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Anti-Second Guessing



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Ralph Peters seems more convincing in today’s NYPost. The ending: Are the Iraqis really trying to lure us deep into their country so they can spring a trap on our forces? The Iraqis have no choice in the matter. Our troops go where they want to go.

Yes, the Iraqis are probably planning a large military confrontation, an operational-level ambush, close to Baghdad — while forces left in our rear area attack our supply lines. They may even have left some of the bridges across the Euphrates standing on purpose.

If so, it was a grave error. If those Republican Guards divisions do try to “ambush” our forces, they simply will not survive. Even if their plan includes the use of chemical weapons.

Thus far, our troops have performed magnificently, seizing dozens of airfields, bridges, roads, oil fields and other critical infrastructure, enabling us to maneuver swiftly and freely, while preserving the backbone of Iraq’s economy for its people. And we prevented an ecological catastrophe (doubtless disappointing the antiwar protesters, who would have loved to accuse us of damaging the environment when we aren’t killing babies).

Even if the Iraqis have some grandiose master plan they hope against hope to spring on us, they never expected to lose so much of their country so quickly. They are reeling, and any plan of theirs could only be executed piecemeal, at this point.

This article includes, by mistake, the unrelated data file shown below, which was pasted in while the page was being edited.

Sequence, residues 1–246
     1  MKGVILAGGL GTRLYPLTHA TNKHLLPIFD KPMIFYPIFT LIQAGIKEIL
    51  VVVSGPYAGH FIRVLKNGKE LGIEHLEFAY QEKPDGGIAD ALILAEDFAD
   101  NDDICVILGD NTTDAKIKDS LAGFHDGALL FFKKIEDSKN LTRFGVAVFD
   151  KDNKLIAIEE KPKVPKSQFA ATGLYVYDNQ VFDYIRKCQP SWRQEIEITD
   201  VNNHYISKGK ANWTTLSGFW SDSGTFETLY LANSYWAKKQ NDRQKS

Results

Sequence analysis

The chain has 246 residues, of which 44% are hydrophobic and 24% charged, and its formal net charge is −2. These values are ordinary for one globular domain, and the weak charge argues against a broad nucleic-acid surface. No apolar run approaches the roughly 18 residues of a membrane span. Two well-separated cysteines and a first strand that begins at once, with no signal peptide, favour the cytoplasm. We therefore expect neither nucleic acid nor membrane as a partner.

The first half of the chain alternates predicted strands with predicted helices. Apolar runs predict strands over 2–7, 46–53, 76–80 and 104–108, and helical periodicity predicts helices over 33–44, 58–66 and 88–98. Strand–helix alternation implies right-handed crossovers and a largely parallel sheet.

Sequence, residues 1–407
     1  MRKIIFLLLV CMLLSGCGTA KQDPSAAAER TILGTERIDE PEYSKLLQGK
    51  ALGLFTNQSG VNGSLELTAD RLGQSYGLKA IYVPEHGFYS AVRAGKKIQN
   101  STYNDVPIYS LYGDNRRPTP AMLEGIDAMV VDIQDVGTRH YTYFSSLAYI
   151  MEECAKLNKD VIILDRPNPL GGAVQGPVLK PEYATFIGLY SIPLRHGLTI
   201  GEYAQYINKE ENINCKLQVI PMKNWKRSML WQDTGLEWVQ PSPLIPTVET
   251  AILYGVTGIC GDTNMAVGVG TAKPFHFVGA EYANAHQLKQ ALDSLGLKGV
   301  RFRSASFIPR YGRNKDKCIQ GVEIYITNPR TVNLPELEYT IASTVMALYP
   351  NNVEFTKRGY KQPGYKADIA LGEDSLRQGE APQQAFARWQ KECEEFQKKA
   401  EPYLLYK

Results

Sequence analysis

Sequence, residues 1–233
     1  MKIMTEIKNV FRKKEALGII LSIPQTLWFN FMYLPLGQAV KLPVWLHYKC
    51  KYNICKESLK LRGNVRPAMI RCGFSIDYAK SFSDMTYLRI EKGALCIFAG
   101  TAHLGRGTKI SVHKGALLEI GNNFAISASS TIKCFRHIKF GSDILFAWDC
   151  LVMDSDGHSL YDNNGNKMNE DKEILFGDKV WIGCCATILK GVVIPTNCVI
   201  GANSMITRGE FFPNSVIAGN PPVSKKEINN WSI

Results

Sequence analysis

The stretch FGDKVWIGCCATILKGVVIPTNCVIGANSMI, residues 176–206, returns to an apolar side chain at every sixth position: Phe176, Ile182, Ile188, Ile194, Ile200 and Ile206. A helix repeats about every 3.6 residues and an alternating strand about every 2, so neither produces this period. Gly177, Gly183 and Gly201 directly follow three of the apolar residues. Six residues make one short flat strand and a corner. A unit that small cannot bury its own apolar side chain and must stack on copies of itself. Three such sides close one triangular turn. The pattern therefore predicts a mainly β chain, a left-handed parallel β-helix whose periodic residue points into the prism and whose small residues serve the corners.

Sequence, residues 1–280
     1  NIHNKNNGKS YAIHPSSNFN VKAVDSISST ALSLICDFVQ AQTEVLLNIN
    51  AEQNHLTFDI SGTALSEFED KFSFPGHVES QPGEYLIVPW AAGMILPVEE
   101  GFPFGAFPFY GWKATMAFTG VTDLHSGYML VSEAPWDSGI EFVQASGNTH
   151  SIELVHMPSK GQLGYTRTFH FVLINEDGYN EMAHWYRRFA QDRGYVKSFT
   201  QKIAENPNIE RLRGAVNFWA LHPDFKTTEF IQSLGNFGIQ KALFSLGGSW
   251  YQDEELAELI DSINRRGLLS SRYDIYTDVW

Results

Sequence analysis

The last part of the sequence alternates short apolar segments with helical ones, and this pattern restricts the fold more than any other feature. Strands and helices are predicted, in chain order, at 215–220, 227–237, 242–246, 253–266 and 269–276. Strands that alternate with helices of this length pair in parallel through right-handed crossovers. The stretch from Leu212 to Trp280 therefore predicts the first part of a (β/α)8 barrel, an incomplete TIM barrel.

After less than four days of ground operations, they have lost control over half their country, they have lost control over most of their military, and allied forces are closing in on Baghdad.

But what about the “Battle of Baghdad”? Will it be a bloodbath? Haven’t the Iraqis already lured us into urban warfare in the south? No. The Iraqis haven’t lured us into anything. We have consistently imposed our plan and our will upon the enemy. While there have been some incidences of urban combat to date, with friendly casualties, our forces are far better prepared for such encounters than are the Iraqis. The Marine Corps, especially, has been training intensively in urban environments.

That said, we are not going to be lured into a “Stalingrad” in Baghdad. Ignore the prophets of doom, who have been wrong consistently. As this column has steadily maintained, we have time, Saddam doesn’t, and if we have to sit in a ring around Baghdad for a few weeks or even months while the last resistance is dismantled in innovative ways, then that is what we will do.

Grave dangers lie ahead. Only a fool would underestimate them. But this war is not being run against a clock. The counsel that we must all be patient and let our troops do their jobs remains the best a former soldier can give.

As long as the American people keep their perspective — which they will — it really doesn’t matter how many journalists lose theirs.



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